Jockey Club enjoys another year of growth but warns of challenge to come
The Jockey Club enjoyed its tenth year of commercial growth in 2018 but group chief executive Simon Bazalgette warned the levy might have to take some of the strain as racing faces up to the prospect of falling media-rights income.
The group made a record contribution to prize-money from its own coffers of £27.1 million in 2018, an increase of 18.3 per cent year-on-year and more than double the £12.5m it contributed in 2009.
However, the sport is expecting media-rights income to fall due to betting-shop closures caused by the government's crackdown on FOBTs.
Bazalgette hailed the group's latest annual results and the efforts of the Jockey Club team, but admitted he was not sure whether there would continue to be overall growth in the short term.
He said: "What we do know is one of our biggest revenue lines – media rights – is going to be going down over this year and next, and clearly that's one important element of where our growth has come from in recent years.
"All our other revenue lines I'd expect to be growing, and we'll be putting even more effort into ensuring those grow strongly to try to fill the gap."
Arena Racing Company and other racecourse operators caused controversy by cutting prize-money contributions earlier this year in response to the pressure on media rights and, while the Jockey Club managed to maintain its contribution in 2019, Bazalgette suggested that might not be able to continue in 2020.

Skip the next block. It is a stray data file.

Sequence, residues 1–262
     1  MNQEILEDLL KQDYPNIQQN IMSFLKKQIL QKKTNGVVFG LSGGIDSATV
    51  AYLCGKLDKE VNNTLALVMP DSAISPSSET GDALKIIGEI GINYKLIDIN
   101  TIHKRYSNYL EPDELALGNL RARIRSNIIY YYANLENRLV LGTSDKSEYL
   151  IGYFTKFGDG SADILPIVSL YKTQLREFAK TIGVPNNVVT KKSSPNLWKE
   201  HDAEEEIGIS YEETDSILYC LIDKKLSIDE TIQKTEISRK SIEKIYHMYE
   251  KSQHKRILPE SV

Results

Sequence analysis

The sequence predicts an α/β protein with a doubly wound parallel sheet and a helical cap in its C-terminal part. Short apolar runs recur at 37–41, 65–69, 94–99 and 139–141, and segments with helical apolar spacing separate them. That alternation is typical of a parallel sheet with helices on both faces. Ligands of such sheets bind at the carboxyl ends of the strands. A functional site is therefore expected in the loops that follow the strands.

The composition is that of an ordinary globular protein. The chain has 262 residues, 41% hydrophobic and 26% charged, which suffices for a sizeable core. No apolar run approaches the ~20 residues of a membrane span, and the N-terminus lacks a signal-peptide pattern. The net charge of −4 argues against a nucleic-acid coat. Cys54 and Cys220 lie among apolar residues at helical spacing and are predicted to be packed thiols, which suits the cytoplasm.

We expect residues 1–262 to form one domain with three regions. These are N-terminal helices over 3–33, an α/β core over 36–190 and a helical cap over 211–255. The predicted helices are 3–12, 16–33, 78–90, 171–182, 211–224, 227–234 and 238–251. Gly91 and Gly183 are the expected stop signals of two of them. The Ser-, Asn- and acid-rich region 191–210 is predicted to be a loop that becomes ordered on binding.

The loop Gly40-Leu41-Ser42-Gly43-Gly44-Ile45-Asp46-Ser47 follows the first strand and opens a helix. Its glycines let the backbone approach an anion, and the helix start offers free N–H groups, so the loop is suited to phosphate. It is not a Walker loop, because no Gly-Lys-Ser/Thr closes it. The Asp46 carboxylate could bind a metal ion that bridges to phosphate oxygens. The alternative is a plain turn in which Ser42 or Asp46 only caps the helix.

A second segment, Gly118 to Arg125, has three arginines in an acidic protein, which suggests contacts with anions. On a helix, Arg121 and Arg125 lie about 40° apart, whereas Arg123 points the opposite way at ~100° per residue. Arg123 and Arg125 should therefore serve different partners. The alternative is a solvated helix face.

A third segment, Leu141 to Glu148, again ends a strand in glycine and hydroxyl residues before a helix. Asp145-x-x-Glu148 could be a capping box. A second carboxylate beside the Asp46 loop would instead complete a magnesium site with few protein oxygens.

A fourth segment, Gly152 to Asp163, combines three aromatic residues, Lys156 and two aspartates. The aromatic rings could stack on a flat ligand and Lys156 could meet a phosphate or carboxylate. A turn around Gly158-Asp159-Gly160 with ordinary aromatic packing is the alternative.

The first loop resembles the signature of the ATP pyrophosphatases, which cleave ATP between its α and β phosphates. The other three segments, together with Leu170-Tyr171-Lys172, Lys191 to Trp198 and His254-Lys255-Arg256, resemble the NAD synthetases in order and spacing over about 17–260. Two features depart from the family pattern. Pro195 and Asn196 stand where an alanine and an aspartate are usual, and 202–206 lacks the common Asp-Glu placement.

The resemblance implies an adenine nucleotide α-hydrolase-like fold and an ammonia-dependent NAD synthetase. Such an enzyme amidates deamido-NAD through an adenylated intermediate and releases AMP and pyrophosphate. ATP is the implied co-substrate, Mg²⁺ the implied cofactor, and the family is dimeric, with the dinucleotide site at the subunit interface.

However, he said that did not mean prize-money levels at the Jockey Club's 15 racecourses would necessarily fall by the same amount, if at all.
Bazalgette said: "I don't think we're going to be going back much below what we were contributing 2017 [£22.9m].
"After 2020 or maybe 2021, depending on how long the decline in shops happens, I'd expect us to be returning to growth and putting more money back into prize-money."
Levy income has increased following government reforms and Bazalgette said the indications were it would not be as badly hit by betting-shop closures as media rights.
He said: "So after a period where media rights have effectively funded a significantly higher proportion of prize-money, we've got a couple of years when the levy needs to take a bit more of the strain."
The Levy Board announced in March it would inject an extra £6.5m into prize-money this year, calming tensions between racecourses and racing professionals, but that it would be a one-off and that the sport needed a long-term financial plan.
Bazalgette added: "I think that's a challenge racing needs to step up to the plate for, about how are we going to maintain and grow our revenues – not just our media rights but all our revenues – to fill that hole."
Revenues at the Jockey Club last year hit £214.6m, up 6.7 per cent on 2017, driven by general admissions, media, hospitality, commercial partnerships, events, training facilities and breeding services.
After increasing its contribution to prize-money along with investments in facilities, operations and the wider sport, the group generated operating profits of £21m, down from £21.9m in 2017, and net profits of £4.5m, down from £9.1m.
Group net debt fell to £101.9m from £103.8m in 2017, which Bazalgette said was "very, very manageable".
He added there was no update on the Jockey Club's controversial proposal to sell Kempton for housing, which was revealed in 2017, as the wait goes on for the results of Spelthorne Borough Council's consultation.
"We said at the time it was a long-term game and it may never happen, but we wanted to be honest about the fact that it was a possibility," Bazalgette said.
"As we said at the time, and probably even more than we thought at the time, it's been a very slow process."
The Jockey Club has also been mentioned as one of the potential contenders to take over the running of Musselburgh for owner East Lothian Council.
"The tenders have to be in by the end of next week and we're certainly looking at it," Bazalgette said.
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